Dissertation Committee: Dr. Angela M. Eikenberry (Chair)
Dr. Jodi Benenson
Dr. Tara K. Bryan
Dr. Chin-Chung Chao
Dr. Chao Guo
The purpose of this research is to explore the interplay of neoliberalism and socio-political institutions and their impact on environmental nonprofit organizations’ accountabilities in an authoritarian regime—in this case, China. It focuses on how environmental nonprofit organizations in China navigate neoliberalism and their relationship with various stakeholders. It examines the primary research question: How have environmental nonprofit organizations constructed their accountabilities within the neoliberal context of China? Related to the primary research question, this research has three secondary research questions based on the literature of neoliberalism and social constructionist framework of accountability: (1) How have neoliberal discourses been embedded in environmental nonprofit organizations’ accountability practices and processes? (2) To whom are environmental nonprofit organizations accountable? (3) How are environmental nonprofit organizations accountable? A multiple case study approach was used, consisting of in-depth interviews, field observations, online observations, and document analysis of three environmental nonprofit organizations in Beijing, China.
The research findings suggest that the environmental nonprofit organizations’ accountability building was deeply rooted in their understanding of the nonprofit organizations’ roles and functions in society and the state-society relationship. The government’s adoption of neoliberal policies has created a nonprofit sector that serves as an extension of the state rather than challenging larger institutional and social structures. For the three organizations studied, various development approaches have been adopted to embrace or resist neoliberal practices and discourses. Two case study organizations developed their capacity through the organizations’ marketization and managerialization. Professionalization has been a strategy for these two organizations to maintain their legitimacy, organizational identity, and mission achievement as well as maintain their relationship with funders. In contrast, the third organization has tried to resist marketization, managerialization, and professionalization while remain its social impact. Accountability building was largely based on the organizations’ capacity for navigating stakeholder groups who held critical resources or power such as the central government, local government, and domestic foundations. Accountability practices mainly focused on information disclosure to funders and donors, meaningful stakeholder engagement with stakeholders who hold critical resources and power for these organizations, and organizational capacity building to mobilize social and financial resources.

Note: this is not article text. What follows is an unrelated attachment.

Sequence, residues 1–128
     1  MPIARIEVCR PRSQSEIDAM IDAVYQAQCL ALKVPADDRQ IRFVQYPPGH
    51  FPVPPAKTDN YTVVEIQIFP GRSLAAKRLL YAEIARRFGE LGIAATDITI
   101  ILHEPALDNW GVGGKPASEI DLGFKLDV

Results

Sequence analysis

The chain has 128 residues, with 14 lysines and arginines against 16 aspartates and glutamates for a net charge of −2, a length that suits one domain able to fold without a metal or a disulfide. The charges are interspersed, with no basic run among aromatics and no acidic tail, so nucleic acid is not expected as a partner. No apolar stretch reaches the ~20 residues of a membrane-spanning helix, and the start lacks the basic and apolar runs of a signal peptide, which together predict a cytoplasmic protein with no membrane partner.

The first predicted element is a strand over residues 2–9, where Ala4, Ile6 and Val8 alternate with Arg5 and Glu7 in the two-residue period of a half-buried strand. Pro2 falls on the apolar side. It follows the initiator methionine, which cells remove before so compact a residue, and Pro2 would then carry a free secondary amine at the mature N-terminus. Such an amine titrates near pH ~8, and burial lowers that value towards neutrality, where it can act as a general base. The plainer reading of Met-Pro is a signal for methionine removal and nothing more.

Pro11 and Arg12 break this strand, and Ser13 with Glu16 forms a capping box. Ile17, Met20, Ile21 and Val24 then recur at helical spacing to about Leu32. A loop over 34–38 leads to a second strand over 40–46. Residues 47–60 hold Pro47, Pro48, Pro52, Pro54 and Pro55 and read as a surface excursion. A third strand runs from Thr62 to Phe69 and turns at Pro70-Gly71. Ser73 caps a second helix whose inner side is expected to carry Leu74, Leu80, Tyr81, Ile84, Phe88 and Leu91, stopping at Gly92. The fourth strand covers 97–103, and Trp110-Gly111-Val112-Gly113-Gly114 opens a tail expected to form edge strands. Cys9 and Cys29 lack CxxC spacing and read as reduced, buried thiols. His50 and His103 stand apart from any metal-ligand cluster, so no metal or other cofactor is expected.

As an ongoing process, this research identifies the dynamics of the state-society relationship and the changing spaces in which environmental nonprofit organizations in China have been allowed to operate. It challenges a simple understanding of the relationship between neoliberalism and civil society.